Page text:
Lady Gaga Detailed How Her Rape At 19 Led To A Pregnancy & “Psychotic Break”

“The way that I feel when I feel pain was how I felt after I was raped ... your body remembers.”

Lady Gaga in Apple TV+'s "The Me You Can't See"
YouTube/Apple TV+/The Me You Can't See

Lady Gaga is opening up about past trauma. During an appearance on Prince Harry and Oprah’s new Apple TV+ docuseries, The Me You Can’t See, the pop star spoke candidly about being sexually assaulted by an unnamed music producer when she was a teenager. “I was 19 years old, and I was working in the business, and a producer said to me, ‘Take your clothes off,’” she recalled. “And I said ‘no.’ And I left, and they told me they were going to burn all of my music. And they didn’t stop. They didn’t stop asking me, and I just froze and ... I don’t even remember.’”

Now 35, the singer went on to explain that she blacked out during the assault and was left with lingering physical and emotional pain that she’s still coping with more than 15 years later. “I was sick for weeks and weeks and weeks and weeks after, and I realized that it was the same pain that I felt when the person who raped me dropped me off pregnant on a corner,” she said. She also revealed she had a “total psychotic break” and was diagnosed with post-traumatic stress disorder. “For a couple years, I was not the same girl,” she added. “The way that I feel when I feel pain was how I felt after I was raped. I’ve had so many MRIs and scans where they don’t find nothing. But your body remembers.”

The “Rain On Me” singer also said that opening up about something so painful isn’t easy. “I don’t tell this story for my own self-service, because, to be honest, it’s hard to tell,” she admitted. “I feel a lot of shame about it. How do I explain to people that I have privilege, I’ve got money, I’ve got power, and I’m miserable? How do you do that?” Rather than self-pity, the pop star wants people to have compassion for those who are hurting. “I’m not here to tell my story to you because I want anybody to cry for me. I’m good,” she continued. “But open your heart up for somebody else. Because I’m telling you, I’ve been through it and people need help.”

All these years later, Gaga still struggles with temptations of self-harm. “‘Even if I have six brilliant months, all it takes is getting triggered once to feel bad. And when I say I feel bad, I mean I want to cut,” she continued. And after explaining that she’s thought about dying and had to learn how to tame those thoughts, she revealed why self-harm isn’t the answer. “You know why it’s not good to cut?” she asked. “You know why it’s not good to throw yourself against the wall? You know why it’s not good to self-harm? Because it makes you feel worse. You think you’re going to feel better because you’re showing somebody, ‘Look, I’m in pain.’ It doesn’t help.”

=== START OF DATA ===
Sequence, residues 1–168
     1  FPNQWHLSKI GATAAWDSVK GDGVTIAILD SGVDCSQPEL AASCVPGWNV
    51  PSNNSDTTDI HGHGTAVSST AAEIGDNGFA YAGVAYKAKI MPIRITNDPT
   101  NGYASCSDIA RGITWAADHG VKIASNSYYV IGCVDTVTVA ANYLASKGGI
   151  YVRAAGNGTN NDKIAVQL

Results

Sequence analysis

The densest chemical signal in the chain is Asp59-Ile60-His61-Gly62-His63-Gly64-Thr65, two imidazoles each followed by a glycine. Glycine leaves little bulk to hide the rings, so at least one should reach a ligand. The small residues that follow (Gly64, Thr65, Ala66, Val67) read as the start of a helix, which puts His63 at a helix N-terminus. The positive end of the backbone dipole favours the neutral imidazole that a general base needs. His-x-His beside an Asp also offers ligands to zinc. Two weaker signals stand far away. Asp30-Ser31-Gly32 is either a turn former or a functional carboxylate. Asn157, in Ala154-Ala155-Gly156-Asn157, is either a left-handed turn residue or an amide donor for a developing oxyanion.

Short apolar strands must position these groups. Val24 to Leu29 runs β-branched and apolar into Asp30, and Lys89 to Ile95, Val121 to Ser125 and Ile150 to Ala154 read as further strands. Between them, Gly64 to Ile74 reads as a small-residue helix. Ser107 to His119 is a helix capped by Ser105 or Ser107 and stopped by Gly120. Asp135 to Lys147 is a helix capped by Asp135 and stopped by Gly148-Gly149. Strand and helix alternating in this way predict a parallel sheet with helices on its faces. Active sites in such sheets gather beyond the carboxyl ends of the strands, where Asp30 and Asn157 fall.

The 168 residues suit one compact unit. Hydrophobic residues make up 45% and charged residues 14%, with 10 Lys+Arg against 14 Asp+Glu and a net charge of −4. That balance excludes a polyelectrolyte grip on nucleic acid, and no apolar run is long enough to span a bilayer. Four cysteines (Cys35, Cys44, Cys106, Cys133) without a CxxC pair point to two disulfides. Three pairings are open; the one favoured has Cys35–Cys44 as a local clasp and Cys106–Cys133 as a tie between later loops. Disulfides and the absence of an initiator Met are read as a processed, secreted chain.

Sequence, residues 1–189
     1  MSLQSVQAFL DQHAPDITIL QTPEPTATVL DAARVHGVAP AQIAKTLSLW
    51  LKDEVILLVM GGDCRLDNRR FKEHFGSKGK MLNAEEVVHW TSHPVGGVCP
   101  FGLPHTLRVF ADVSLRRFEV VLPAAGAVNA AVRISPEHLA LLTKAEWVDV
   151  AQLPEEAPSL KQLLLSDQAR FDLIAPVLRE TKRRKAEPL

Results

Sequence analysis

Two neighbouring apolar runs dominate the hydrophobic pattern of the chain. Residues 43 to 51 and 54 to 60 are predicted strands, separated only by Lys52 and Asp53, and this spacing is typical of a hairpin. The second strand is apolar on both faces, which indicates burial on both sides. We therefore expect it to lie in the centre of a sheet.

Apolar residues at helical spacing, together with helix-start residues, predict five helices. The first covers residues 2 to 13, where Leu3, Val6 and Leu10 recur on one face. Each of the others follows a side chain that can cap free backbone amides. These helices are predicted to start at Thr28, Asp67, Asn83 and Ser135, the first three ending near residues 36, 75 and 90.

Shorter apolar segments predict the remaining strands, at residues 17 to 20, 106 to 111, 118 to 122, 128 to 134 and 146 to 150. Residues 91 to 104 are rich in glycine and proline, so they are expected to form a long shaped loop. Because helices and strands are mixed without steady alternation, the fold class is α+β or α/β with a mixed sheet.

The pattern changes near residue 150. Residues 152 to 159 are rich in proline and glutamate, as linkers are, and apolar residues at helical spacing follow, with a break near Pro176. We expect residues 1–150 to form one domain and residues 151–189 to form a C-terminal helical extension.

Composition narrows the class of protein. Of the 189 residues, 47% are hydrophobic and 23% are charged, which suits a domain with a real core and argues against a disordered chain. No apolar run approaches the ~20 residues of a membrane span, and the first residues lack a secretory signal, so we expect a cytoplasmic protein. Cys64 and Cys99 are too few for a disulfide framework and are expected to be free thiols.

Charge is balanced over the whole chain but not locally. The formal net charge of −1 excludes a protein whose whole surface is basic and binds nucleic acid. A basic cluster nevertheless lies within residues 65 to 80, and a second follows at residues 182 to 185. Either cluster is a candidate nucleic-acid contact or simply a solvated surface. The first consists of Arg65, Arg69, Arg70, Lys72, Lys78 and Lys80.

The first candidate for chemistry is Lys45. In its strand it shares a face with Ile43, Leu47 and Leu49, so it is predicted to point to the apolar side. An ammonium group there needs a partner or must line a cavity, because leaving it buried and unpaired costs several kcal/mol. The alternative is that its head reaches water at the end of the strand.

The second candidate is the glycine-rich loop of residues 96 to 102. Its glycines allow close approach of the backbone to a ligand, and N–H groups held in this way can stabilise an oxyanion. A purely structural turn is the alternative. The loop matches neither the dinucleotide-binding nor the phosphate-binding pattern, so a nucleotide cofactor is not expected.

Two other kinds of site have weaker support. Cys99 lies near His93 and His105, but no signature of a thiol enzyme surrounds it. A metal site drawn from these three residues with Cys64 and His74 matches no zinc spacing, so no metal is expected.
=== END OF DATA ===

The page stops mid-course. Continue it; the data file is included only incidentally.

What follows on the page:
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For Gaga, being able to talk to people about her trauma has been part of the healing process. In 2014, she told Howard Stern that if she ever confronted her rapist, it would “terrify” and “paralyze” her. “I saw him one time in a store and I was so paralyzed by fear. Because it wasn’t until I was a little bit older that I went, ‘Wow, that was really messed up,’” she recalled. Like many survivors, it wasn’t until years later that she realized the severe impact of that experience. “It happens every day and it’s really scary and it’s sad and you know, it didn’t affect me as much right after as it did about four or five years later,” she said. “It was so hard.”

Last year, Gaga dug into her past again during an interview with Oprah for her 2020 Vision: Your Life In Focus tour. “I was raped repeatedly when I was 19 years old, and I also developed PTSD as a result of being raped and also not processing that trauma,” she told the famous TV personality, adding that she never had a doctor or therapist to help her cope with the pain. “I all of a sudden became a star and was traveling the world going from hotel room to garage to limo to stage, and I never dealt with it,” she said. “Then all of a sudden I started to experience this incredible intense pain throughout my entire body that mimicked the illness I felt after I was raped.”

If there’s one thing that has helped Gaga come out of the trauma on the other side, it’s music. “I went through some horrific things that I’m able to laugh [at] now, because I’ve gone through a lot of mental and physical therapy and emotional therapy to heal over the years,” the pop music icon told Howard Stern in their 2014 interview. “My music’s been wonderful for me. But, you know, I was a shell of my former self at one point. I was not myself.”

Nowadays, Gaga seems to be stronger than ever. She’s currently in a happy relationship with entrepreneur Michael Polansky, who she’s reportedly been dating since late 2019. The singer has also received a total of 12 Grammys throughout her career and has proven that she’s more than just your typical pop star with her Oscar-winning track “Shallow” from A Star Is Born. She’s won two Golden Globes and has broken various Guinness World Records. Despite her long history of pain and trauma, Gaga continues to be one of the most beloved stars in the industry. And given her honesty and vulnerability, it’s not hard to understand why.

If you or someone you know has been sexually assaulted, call the National Sexual Assault Telephone Hotline at 800-656-HOPE (4673) or visit online.rainn.org.